Can we eat enough of the good stuff every day? - Nutraceuticals

We are what we eat…But, do we? Can we? Eat enough of the good stuff EVERY day?

It’s time to talk about food, guts, brains and the slippery science of oils…

Deciding what to eat can be an enormously effortful task. Aside from the vast choice available to us, we are also informed (not always necessarily well informed) about the choices we think we should be making…paleo this, low FODMAP that, raw something else, oops now I’m a flexitarian…the pleasure of eating can be spoilt by complexity sometimes. This is not to deride these choices, indeed they work well for some.

The Mediterranean Diet, is considered a traditional and heritage diet (more a way of life), that has be researched since the 1970’s. It has evidenced outstandingly significant positive impacts on a number of health risk factors, including: cardiovascular disease; cancer; Parkinson’s disease; Alzheimer’s disease; Stroke; Diabetes; and neurodegenerative diseases. The body and brain benefit is undeniable, and continues to be researched.

Photo by  Casey Lee  on  Unsplash

Photo by Casey Lee on Unsplash


If you have some knowledge of geography, or you’ve been lucky to travel to this amazing region, you know the ‘Mediterranean’ is huge! As many as perhaps 18 countries or regions border the Mediterranean Sea. For maximum benefit, and to avoid misinformation, we should take the time to clarify the essential components and the origins of what is ‘The Mediterranean Diet’.  

The diet itself is characterised by important key factors:

Infographic by  Oldways

Infographic by Oldways

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The list above is compiled from innumerable sources. Highlighting there is no one set ‘Mediterranean Diet’. In a nutshell it is the diet, and lifestyle, of the people of Greece, Southern Italy and parts of Spain, around the 1960’s. Nothing was from a packet, everything was made from scratch. Interesting to note, also, that two of these regions are a part of the fascinating 5 ‘blue zones’, with the highest populations of centenarians on earth.

If you are interested in finding out more, a well-regarded Greek-American Clinical Nutritionist and Author, Elena Paravantes, provides this passionate TedX talk:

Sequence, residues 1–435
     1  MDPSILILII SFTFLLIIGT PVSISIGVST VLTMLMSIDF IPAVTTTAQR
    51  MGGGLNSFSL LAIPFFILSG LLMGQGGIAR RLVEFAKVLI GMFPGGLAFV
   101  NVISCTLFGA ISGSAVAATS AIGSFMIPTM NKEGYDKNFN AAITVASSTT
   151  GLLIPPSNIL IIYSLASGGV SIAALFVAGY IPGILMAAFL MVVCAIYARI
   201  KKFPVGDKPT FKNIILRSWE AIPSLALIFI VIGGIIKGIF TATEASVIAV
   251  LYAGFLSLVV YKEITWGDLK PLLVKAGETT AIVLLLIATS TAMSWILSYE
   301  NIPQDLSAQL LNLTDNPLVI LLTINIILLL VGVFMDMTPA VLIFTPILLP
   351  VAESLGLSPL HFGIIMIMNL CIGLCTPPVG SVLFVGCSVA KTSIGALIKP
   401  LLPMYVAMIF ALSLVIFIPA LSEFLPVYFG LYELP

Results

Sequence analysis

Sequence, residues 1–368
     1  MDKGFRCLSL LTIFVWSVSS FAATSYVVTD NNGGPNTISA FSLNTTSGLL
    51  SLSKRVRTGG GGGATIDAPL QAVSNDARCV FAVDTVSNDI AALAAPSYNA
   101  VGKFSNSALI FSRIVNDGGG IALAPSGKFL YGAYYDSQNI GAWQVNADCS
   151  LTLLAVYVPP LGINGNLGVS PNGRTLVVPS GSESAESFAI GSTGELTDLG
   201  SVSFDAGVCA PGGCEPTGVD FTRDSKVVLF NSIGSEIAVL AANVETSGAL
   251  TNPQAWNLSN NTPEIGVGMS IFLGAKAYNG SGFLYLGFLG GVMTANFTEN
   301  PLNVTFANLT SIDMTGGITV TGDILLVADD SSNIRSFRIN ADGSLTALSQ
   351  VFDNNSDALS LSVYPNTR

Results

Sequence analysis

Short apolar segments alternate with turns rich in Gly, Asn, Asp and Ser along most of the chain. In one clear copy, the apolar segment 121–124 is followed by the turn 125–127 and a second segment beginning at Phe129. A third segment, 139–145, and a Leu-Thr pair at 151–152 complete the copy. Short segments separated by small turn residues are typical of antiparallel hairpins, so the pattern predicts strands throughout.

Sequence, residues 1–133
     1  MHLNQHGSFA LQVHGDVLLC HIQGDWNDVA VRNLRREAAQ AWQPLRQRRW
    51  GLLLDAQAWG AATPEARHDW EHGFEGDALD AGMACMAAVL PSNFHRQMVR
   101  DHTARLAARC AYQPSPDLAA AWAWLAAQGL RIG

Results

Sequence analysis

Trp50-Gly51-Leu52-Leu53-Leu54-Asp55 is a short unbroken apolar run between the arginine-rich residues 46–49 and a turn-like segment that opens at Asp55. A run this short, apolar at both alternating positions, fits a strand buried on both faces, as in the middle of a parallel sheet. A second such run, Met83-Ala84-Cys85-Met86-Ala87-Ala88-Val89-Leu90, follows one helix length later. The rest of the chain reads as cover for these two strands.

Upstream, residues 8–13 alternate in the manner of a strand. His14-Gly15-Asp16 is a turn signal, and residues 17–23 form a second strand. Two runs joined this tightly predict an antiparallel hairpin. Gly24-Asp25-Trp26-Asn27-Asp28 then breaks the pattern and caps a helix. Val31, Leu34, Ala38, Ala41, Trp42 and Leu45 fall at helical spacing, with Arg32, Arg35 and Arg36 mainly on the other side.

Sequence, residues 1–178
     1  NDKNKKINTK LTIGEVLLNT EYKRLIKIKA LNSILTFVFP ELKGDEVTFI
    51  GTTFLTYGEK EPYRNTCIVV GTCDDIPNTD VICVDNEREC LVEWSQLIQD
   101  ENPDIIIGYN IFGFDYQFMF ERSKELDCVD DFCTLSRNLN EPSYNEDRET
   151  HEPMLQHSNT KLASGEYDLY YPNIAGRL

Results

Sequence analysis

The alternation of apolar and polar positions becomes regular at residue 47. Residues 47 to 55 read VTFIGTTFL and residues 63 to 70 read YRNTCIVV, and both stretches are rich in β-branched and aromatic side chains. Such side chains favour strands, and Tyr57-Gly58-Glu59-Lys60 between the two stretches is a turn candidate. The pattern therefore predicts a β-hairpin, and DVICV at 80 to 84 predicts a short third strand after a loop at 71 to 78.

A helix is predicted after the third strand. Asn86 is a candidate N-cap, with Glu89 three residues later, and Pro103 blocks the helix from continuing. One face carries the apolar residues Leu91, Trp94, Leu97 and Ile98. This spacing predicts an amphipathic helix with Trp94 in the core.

Along with Elena’s website, that abounds with delicious recipes for your dinner table, you can also head right back to the ‘Oldways’: who are celebrate International Mediterranean Diet month in May.

Photo By Olive Tomato

Photo By Olive Tomato

So what happens with these Mediterranean goodies when they hit your belly?

There is some seriously cool research being done on some seriously specific microbes. This big gutsy opening statement in an article by Tarr (and crew) impressed me, in summary: mice given specific prebiotics did not demonstrate the typically associated effects of anxiety-like behaviour or reduced hippocampal neurons when exposed to stress. This is just one tiny study, among a huge wave of research, emphasising that maintaining the gut-brain axis is pivotal to health and stress management.

Dr Michael Moseley, author of Clever Guts, has gained exposure through his television programs and books, but he has backed this up with synthesis and exploration of research studies of the gut biome, our inner ecosystem. It is a balancing act of good and bad bacteria, unique to each person. In the garden of your gut, the pre-biotics are the fibre of fertiliser and pro-biotics are the live bacteria you need substantial colonies of for good health, reduced disease risk and proper brain function.

Did you know that most of your ‘feel good’ serotonin resides in your gut wall; and good bacteria are also involved in the creation of other neurotransmitters, or neurochemicals, including dopamine and GABA – high levels are associated with feeling relaxed and happy. So, maybe, it is true, the way to a man’s heart is through his stomach…you just have to feed him kimchi, yoghurt, sauerkraut and kefir…and oily fish…